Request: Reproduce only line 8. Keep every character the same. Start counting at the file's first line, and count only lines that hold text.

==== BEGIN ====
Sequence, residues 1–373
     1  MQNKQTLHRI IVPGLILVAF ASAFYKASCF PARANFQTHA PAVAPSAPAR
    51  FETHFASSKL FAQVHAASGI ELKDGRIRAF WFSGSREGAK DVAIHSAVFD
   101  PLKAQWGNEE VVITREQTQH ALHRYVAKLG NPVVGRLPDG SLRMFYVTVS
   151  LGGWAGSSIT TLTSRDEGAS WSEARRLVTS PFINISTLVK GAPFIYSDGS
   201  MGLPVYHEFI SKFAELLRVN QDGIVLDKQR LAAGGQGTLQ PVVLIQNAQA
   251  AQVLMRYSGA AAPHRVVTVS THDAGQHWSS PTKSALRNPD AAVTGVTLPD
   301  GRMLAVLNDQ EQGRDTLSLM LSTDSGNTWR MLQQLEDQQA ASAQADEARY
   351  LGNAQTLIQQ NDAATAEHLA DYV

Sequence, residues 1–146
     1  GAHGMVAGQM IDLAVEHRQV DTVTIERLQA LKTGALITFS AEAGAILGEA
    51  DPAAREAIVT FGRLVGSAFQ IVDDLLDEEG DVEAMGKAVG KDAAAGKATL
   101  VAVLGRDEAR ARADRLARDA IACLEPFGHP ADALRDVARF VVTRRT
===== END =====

   301  GRMLAVLNDQ EQGRDTLSLM LSTDSGNTWR MLQQLEDQQA ASAQADEARY